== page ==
With the recent string of successful camera and lens introductions over the past few years, Leica has made the process of choosing a camera much more difficult. In the not-so-distant past, certain individual systems outshone the rest for different applications. Decisions were straightforward. But now? The Q, TL2, CL, M10, SL and S007 are all incredible cameras, each extremely capable in its own right. So, how do you pick just one? Admittedly, I don’t have an easy answer, and continue to struggle with this very conundrum every time I prepare for an outing. After a decent amount of debating pros and cons for each scenario, along with some serious soul searching, I do end up making up my mind.
The Leica SL
And while I have spread the love across a variety of systems over the last two years, my most used camera system during this time has been the Leica SL. Paired with the outstanding 24-90 zoom, the SL is simply a go-anywhere, do-anything combo. It’s fast, it’s fun and the images are stunning. The 4.4MP EVF is a pleasure to use. No lag, no delay, no blackout. So, the SL has become an easy go-to for me. For added flexibility, I’ll add M lenses for low light or ultra-wide capability, which often means throwing a 35 Lux or 18 Super-Elmar in my bag.
On a week-long vacation to the Southwest in October, the SL was my constant companion. With the 24-90 plus the 18mm M lens, I could do it all. And with weather sealing to boot, the camera joined me on all my adventures. Canyoneering in Zion with 60-foot rappels, driving high-speed ATVs through the desert in Lake Powell, exploring Antelope Canyon, and hiking down into the Grand Canyon from the North Rim were all no problem. The 24-90 zoom made easy work of most situations, as the focal range provided a good variety of perspectives. And, not having to stop to get into my backpack to change lenses allowed me to keep moving.
Okay. No surprises or new information here. The SL is awesome (You can read my full review here: Leica SL (Typ 601) Review: A Professional Mirrorless Camera). And, while this article is about my thoughts on the future of the S-System, I think that the perspective of the SL is important to the discussion. Using the two systems one right after the other makes clear to me, in spite of how often I use the SL, why the S is still superior for certain applications, and what might make it even better in the future.
Back to the Leica S (Typ 007)
Because scheduling was tight, I didn’t have a chance to return home after our Southwest adventure. I’d have to fly directly to Maine, gear up and lead two back-to-back landscape workshops. So, I swapped out the SL and zoom for the S007 and a backpack full of S lenses. Why? Simply, because it puts the SL to shame for landscape photography. The SL is certainly no slouch when it comes to image quality, matching well to the output of the M10 and the Q, both superb performers in their own rights. But the S just moves that bar a lot higher. And it’s not just the additional resolution.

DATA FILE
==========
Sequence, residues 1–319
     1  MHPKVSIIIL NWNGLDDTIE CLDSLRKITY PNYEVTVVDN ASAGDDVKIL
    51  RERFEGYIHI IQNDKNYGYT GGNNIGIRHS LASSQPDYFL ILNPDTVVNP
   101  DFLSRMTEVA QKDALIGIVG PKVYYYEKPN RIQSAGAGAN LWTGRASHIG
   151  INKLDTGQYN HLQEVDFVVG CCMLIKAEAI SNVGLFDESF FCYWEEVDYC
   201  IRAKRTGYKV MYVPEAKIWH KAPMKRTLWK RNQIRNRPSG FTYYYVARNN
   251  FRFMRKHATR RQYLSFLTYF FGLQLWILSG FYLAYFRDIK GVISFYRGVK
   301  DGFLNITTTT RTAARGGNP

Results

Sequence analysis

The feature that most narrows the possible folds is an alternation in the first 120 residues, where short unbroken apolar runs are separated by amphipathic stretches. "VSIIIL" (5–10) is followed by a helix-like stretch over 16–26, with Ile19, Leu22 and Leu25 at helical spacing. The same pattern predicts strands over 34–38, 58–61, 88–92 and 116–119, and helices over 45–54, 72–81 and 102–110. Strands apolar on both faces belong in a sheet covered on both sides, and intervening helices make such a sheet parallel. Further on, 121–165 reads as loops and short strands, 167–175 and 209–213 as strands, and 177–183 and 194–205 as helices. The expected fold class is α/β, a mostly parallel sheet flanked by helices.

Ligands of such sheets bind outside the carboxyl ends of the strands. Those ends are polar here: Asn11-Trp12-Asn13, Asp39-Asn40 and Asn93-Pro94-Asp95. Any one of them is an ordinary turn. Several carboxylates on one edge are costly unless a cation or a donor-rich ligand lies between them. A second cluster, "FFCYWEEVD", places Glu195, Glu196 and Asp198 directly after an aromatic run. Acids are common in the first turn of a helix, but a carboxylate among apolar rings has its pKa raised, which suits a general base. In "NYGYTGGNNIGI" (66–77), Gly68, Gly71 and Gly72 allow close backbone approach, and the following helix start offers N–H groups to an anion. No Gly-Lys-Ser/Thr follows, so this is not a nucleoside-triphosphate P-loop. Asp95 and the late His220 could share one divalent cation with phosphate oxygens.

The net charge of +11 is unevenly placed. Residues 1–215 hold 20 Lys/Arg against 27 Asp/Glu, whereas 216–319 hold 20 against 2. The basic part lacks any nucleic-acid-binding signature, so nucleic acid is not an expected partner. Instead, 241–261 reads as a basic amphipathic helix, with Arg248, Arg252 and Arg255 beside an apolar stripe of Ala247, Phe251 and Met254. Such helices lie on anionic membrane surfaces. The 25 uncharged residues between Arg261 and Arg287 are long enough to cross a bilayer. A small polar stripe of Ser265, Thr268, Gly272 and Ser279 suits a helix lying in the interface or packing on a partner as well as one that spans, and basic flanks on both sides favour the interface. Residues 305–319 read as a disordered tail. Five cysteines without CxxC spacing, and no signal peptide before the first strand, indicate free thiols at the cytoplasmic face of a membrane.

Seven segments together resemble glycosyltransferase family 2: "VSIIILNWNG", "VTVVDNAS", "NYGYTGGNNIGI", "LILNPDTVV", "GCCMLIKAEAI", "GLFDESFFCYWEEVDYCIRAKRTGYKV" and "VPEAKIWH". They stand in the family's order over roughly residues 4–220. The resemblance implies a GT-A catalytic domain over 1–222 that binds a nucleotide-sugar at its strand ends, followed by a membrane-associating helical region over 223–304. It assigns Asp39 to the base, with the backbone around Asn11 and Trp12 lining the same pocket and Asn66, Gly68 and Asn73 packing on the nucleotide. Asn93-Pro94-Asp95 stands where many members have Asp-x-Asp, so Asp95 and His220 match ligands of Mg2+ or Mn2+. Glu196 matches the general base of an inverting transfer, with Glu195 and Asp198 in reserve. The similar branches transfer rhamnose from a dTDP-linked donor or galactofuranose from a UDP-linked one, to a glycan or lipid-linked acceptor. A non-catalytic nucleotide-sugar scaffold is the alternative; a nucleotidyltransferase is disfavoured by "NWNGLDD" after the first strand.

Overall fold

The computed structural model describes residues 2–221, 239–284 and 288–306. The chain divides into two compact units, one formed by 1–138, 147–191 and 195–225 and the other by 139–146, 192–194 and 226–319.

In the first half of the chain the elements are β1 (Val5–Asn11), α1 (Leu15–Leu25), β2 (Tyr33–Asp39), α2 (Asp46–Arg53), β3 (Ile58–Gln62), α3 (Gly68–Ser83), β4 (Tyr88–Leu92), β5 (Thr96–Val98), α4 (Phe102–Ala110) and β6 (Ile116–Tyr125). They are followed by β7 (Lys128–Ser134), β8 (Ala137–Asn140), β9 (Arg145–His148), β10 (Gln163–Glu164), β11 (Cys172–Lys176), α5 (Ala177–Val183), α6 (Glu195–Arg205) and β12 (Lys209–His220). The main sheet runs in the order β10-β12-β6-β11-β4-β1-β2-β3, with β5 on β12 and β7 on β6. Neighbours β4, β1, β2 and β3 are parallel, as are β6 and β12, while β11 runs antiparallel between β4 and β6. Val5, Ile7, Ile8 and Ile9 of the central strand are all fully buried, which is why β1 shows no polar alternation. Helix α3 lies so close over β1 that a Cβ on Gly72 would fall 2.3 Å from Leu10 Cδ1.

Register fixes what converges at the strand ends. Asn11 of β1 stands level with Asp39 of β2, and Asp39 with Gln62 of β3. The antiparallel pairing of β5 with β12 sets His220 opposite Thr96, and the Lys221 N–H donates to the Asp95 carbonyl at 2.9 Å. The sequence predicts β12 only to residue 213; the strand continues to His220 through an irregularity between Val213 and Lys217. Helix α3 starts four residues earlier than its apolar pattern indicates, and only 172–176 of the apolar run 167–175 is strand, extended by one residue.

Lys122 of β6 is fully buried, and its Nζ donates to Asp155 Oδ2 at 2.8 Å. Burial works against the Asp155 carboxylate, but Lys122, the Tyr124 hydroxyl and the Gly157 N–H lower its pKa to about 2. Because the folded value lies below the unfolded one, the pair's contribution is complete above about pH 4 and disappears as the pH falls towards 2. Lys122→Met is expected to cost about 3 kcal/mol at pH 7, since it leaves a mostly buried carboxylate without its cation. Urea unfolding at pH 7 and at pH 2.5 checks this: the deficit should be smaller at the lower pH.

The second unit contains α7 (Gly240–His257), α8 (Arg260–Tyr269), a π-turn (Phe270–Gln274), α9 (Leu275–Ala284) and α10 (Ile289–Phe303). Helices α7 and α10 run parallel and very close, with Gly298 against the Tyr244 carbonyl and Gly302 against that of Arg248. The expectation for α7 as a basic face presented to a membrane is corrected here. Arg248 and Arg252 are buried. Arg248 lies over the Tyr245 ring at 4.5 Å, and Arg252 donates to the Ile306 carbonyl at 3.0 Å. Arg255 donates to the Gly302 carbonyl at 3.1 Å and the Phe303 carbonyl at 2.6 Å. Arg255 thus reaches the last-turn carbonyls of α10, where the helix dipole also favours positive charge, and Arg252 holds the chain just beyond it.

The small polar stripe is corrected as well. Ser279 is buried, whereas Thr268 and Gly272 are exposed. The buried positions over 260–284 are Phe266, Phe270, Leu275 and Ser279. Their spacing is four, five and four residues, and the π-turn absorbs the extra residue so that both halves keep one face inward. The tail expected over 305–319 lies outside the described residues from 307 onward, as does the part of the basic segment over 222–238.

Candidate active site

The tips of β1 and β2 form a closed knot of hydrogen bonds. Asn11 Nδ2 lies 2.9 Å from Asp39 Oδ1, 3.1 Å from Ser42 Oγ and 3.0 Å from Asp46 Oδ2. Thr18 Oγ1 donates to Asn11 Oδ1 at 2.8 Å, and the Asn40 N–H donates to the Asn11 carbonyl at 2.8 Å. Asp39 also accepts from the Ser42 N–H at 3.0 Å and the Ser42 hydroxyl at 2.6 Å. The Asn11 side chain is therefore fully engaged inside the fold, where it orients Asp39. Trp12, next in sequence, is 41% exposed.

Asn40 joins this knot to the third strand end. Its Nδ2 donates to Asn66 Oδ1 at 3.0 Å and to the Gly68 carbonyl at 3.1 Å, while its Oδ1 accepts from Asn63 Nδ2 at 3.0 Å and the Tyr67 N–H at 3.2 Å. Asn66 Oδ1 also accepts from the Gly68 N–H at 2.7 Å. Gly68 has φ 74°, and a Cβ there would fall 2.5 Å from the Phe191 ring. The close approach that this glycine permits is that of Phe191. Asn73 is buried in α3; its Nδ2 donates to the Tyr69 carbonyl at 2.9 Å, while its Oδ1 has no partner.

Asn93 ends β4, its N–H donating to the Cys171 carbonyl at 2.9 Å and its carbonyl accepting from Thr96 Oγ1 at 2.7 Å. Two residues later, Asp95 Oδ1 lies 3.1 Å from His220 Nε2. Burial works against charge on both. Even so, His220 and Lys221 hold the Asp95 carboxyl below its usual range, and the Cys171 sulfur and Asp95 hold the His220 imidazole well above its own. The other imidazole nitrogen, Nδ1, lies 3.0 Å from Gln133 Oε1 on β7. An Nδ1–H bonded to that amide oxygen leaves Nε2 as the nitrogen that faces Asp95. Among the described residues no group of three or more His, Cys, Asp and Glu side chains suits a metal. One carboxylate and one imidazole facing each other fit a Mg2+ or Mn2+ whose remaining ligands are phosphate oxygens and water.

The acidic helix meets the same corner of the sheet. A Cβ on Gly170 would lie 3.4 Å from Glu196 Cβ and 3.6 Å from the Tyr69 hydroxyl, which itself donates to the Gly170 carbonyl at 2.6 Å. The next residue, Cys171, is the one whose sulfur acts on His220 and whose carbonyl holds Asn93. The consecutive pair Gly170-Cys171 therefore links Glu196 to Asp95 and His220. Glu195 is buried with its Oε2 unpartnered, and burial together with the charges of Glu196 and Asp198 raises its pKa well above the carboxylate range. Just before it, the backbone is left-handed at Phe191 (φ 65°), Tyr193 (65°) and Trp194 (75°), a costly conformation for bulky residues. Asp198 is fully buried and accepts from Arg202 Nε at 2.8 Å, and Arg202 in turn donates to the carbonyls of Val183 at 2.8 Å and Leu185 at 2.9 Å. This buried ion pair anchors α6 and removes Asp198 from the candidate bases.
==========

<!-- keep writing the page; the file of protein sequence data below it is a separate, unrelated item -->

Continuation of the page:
The color out of the S is gorgeous. Only the recently released M10 equals it. Per pixel acuity is staggeringly good. The S lenses are amazing. An insane 15.3 stop dynamic range allows for single shot HDR in Lightroom, easily handling scenes that would require exposure bracketing and multi-frame blending in post on the SL.
Then there are the lenses. Oh, how I love the S lenses. My favorites are the 45 and the 120. And the 30. And the 24. The 180 is pretty killer too. And the 100 is lusciously creamy. The 35 is great for walk-around. As is the compact and lovely 70. Ok, I literally just named all the S prime lenses. Asking me to pick favorites is like choosing between my children. I don’t struggle the same way when paring down M lenses, as I have definite preferences. But, on the S, I will carry almost a full complement in my pack.
So, how did it perform for fall foliage in the White Mountains and along the Maine Coast? Again, no surprises here. The S007 just dominates landscape photography, while the ergonomics make the camera such a pleasure to use. As amazing as the EVF is on the SL, using the optical viewfinder of the S is like coming home. Big, bright, clear. A perfect window to the world, rendered by whatever delicious S lens graces the front of the camera. And the images. So much detail. Unequaled malleability in post. Colors rendered represent the best part of reality, riding the line between accuracy and artistry.
Back in August, I also relied on the S007 for all my photographic heavy lifting. I co-led a workshop to Iceland for ten days, knocking out 4,000 shots. And while it seems almost impossible to take a bad picture in Iceland, I felt my images from this recent trip were so far beyond what I came home with from my first time there. My biggest challenge upon returning home was (and still is) whittling down my first-round pick count from over 800 keepers to something a little more manageable.